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Class 11 RD Sharma Solutions – Chapter 12 Mathematical Induction – Exercise 12.2 | Set 1

  • Last Updated : 20 May, 2021

Prove the following by the principle of mathematical induction:

Question 1. 1 + 2 + 3 + … + n = n (n +1)/2 i.e., the sum of the first n natural numbers is n (n + 1)/2.

Solution:

Let, P (n) = 1 + 2 + 3 + ….. + n = n (n +1)/2.

Step 1:

Now, let us check P(n) for n = 1.

So, P (1) = 1 (1 + 1)/2 = 1.



So, P(1) is true.

Step 2:

Let us consider P (n) be the true for n = k,

Then, 1 + 2 + 3 + …. + k = k (k + 1)/2           … (i)

Step 3:

Now, we have to prove for P(k+1) is true.

(1 + 2 + 3 + … + k) + (k + 1) = k (k + 1)/2 + (k + 1)

= (k + 1) (k/2 + 1)

= [(k + 1) (k + 2)] / 2

= [(k + 1) [(k + 1) + 1]] / 2

So, P (n) is true for n = k + 1

i.e, P (n) is true for all n ∈ N 

Hence, by principle of Mathematical Induction (PMI) P (n) is true for all n ∈ N.

Question 2. 12 + 22 + 32 + … + n2 = [n (n + 1) (2n + 1)]/6

Solution:

Let, P (n) = 12 + 22 + 32 + … + n2 = [n (n + 1) (2n + 1)]/6

Step 1:

Now, let us check P(n) for n = 1.

So, P (1) = [1 (1 + 1) (2 + 1)]/6



or, 1 = 1.

So, P(1) is true.

Step 2:

Let us consider P (n) be the true for n = k,

Then, 12 + 22 + 32 + … + k2 = [k (k + 1) (2k + 1)]/6

Step 3:

Now, we have to prove for P(k + 1) is true.

P (k) = 12 + 22 + 32 + …….. + k2 + (k + 1)2 = [k + 1 (k + 2) (2k + 3)] /6

= 12 + 22 + 32 + ……. + k2 + (k + 1)2

= [k + 1 (k + 2) (2k + 3)] /6 + (k + 1)2

= (k +1) [(2k2 + k)/6 + (k + 1)/1]

= (k +1) [2k2 + k + 6k + 6]/6

= (k +1) [2k2 + 7k + 6]/6

= (k +1) [2k2 + 4k + 3k + 6]/6

= (k +1) [2k(k + 2) + 3(k + 2)]/6

= [(k +1) (2k + 3) (k + 2)] / 6

So, P (n) is true for n = k + 1

i.e, P (n) is true for all n ∈ N

Hence, by principle of Mathematical Induction (PMI), P (n) is true for all n ∈ N.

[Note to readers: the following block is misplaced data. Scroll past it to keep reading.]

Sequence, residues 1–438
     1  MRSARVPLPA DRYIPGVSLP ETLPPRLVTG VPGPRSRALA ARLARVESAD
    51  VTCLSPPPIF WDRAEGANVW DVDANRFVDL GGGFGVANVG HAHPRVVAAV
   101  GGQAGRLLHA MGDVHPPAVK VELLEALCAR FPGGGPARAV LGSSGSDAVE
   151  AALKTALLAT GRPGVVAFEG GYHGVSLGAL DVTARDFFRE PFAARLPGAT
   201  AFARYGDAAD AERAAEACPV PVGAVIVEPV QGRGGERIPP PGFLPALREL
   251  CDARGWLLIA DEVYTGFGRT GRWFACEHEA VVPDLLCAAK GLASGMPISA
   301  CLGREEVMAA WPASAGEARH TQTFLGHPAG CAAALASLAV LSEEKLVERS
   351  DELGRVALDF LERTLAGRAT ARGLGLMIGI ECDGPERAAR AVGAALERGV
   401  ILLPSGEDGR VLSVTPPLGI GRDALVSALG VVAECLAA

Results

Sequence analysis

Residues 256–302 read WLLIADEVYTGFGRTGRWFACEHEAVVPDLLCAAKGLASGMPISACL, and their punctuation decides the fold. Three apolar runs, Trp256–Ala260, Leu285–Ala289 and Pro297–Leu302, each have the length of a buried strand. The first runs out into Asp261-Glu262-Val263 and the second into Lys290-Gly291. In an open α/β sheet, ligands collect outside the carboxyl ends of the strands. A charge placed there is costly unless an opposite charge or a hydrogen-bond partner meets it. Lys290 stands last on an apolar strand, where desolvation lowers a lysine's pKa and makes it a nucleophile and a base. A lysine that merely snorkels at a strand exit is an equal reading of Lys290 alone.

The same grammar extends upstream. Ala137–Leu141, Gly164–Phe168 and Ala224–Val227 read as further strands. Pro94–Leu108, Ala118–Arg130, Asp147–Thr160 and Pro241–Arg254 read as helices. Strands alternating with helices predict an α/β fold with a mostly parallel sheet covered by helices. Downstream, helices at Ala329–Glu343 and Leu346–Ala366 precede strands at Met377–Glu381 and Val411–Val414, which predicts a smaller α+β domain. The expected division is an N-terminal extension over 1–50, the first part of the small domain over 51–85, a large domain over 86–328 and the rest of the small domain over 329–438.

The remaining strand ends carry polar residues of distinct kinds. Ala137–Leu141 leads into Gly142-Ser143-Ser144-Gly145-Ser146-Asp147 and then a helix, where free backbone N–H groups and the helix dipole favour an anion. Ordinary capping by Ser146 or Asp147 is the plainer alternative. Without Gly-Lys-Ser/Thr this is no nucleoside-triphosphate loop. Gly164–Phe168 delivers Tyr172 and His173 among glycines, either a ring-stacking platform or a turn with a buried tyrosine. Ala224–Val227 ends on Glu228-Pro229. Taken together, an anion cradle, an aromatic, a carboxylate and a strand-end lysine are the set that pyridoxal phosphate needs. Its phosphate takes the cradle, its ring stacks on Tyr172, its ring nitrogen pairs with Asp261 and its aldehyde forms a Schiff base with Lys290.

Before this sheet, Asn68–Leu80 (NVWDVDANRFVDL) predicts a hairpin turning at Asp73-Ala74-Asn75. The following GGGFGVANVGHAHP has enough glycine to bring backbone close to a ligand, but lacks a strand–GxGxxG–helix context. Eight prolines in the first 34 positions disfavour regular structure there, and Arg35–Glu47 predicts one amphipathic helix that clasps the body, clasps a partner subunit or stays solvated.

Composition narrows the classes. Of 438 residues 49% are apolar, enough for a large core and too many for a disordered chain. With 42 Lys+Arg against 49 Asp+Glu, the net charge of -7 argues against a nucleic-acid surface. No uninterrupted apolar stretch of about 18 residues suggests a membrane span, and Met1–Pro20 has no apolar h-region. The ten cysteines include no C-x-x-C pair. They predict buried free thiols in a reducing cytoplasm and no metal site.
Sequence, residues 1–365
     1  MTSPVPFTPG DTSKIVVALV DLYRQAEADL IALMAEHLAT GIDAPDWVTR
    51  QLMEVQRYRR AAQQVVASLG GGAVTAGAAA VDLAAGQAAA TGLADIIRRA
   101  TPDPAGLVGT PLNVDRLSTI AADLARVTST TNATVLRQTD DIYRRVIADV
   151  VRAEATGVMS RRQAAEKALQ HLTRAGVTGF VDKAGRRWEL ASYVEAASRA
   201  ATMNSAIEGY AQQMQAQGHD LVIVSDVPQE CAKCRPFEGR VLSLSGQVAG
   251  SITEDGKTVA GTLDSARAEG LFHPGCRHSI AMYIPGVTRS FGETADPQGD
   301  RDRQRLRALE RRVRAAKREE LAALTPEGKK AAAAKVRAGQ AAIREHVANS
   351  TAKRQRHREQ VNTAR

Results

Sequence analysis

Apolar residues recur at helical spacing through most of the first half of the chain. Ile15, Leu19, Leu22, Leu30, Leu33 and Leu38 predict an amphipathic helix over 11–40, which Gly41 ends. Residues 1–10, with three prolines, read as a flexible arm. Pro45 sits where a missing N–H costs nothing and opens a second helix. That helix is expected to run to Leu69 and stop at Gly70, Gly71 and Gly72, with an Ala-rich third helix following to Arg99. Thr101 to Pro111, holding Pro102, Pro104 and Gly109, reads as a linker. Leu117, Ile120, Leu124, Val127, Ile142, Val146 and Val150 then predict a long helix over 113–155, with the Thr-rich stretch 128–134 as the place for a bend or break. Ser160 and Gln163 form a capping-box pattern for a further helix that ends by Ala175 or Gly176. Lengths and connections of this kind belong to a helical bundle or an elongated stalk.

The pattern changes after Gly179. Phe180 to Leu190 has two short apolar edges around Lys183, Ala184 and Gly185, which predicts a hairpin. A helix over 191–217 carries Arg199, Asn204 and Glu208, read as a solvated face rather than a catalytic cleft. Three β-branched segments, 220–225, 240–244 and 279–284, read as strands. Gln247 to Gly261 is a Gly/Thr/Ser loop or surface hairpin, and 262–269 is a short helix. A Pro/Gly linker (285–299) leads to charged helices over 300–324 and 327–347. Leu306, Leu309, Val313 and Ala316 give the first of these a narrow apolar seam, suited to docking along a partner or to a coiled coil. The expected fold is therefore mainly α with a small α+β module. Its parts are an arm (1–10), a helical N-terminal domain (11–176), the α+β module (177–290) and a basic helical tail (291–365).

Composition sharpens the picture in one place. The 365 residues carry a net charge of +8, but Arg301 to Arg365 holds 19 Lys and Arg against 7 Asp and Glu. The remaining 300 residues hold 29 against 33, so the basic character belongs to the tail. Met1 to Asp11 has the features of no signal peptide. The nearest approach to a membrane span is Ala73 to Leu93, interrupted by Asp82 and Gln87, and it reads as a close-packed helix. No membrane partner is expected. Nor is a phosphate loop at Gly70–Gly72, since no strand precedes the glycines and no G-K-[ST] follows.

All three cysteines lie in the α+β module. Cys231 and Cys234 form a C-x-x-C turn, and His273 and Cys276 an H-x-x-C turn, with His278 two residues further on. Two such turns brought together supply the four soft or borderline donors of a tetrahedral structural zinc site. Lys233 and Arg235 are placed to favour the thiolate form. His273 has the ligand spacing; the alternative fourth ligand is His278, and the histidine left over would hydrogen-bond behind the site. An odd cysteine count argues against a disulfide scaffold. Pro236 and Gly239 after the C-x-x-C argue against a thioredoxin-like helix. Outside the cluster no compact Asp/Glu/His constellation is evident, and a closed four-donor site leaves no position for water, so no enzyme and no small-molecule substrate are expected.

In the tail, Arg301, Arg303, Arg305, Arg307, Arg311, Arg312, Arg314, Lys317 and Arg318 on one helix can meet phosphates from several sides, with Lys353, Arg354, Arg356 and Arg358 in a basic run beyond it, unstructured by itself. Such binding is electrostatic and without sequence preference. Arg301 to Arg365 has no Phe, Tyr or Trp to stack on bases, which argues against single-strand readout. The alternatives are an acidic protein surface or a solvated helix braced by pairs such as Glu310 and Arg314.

Question 3. 1 + 3 + 32 + … + 3n – 1 = (3n – 1)/2

Solution:



Let P (n) = 1 + 3 + 32 + ……. + 3n – 1 = (3n – 1)/2

Step 1:

Now, let us check P(n) for n=1.

P (1) = 1 = (3(1) – 1)/2 = (3 – 1)/2 = 2/2 =1

So, P(1) is true.

Step 2:

Let us consider P (n) be the true for n = k,

P (k) = 1 + 3 + 32 + ……. + 3k – 1 = (3k – 1)/2       … (i)

Step 3:

Now, we have to prove for P(k + 1) is true.

Then, 

{1 + 3 + 32 + ……. + 3k – 1} + 3k + 1 – 1

Using equation (i), we get

= (3k – 1)/2 + 3k 

= (3k – 1 + 2 × 3k)/2

= (3 × 3 k – 1)/2

= (3k + 1 – 1)/2

So, P (n) is true for n = k + 1

i.e., P (n) is true for all n ∈ N

Hence, by principle of Mathematical Induction (PMI), P (n) is true for all n ∈ N.

Question 4. 1/1.2 + 1/2.3 + 1/3.4 + … + 1/n(n + 1) = n/(n + 1)

Solution:

Let P (n) = 1/1.2 + 1/2.3 + 1/3.4 + … + 1/n(n + 1) = n/(n + 1)

Step 1:

Now, let us check P(n) for n=1.

P (1) = 1/1.2 = 1/(1 + 1)

1/2 = 1/2

So, P(1) is true.

Step 2:

Let us consider P (n) be the true for n = k,

P (k) = 1 /1.2 + 1/2.3 + 1/3.4 + … + 1/k(k + 1) + k/(k + 1) (k + 2) = (k + 1)/(k + 2)   … (i)



Step 3:

Now, we have to prove for P(k + 1) is true.

Then,

1/1.2 + 1/2.3 + 1/3.4 + … + 1/k(k + 1) + k/(k + 1) (k + 2)

= 1/(k + 1)/(k + 2) + k/(k + 1)

= 1/(k + 1) [k(k + 2)+1]/(k + 2)

= 1/(k + 1) [k2 + 2k + 1]/(k + 2)

=1/(k + 1) [(k + 1) (k + 1)]/(k + 2)

= (k + 1) / (k + 2)

So, P (n) is true for n = k + 1

i.e, P (n) is true for all n ∈ N

Hence, by principle of Mathematical Induction (PMI), P (n) is true for all n ∈ N.

Question 5. 1 + 3 + 5 + … + (2n – 1) = n2 i.e., the sum of first n odd natural numbers is n2.

Solution:

Let P (n) = 1 + 3 + 5 + … + (2n – 1) = n2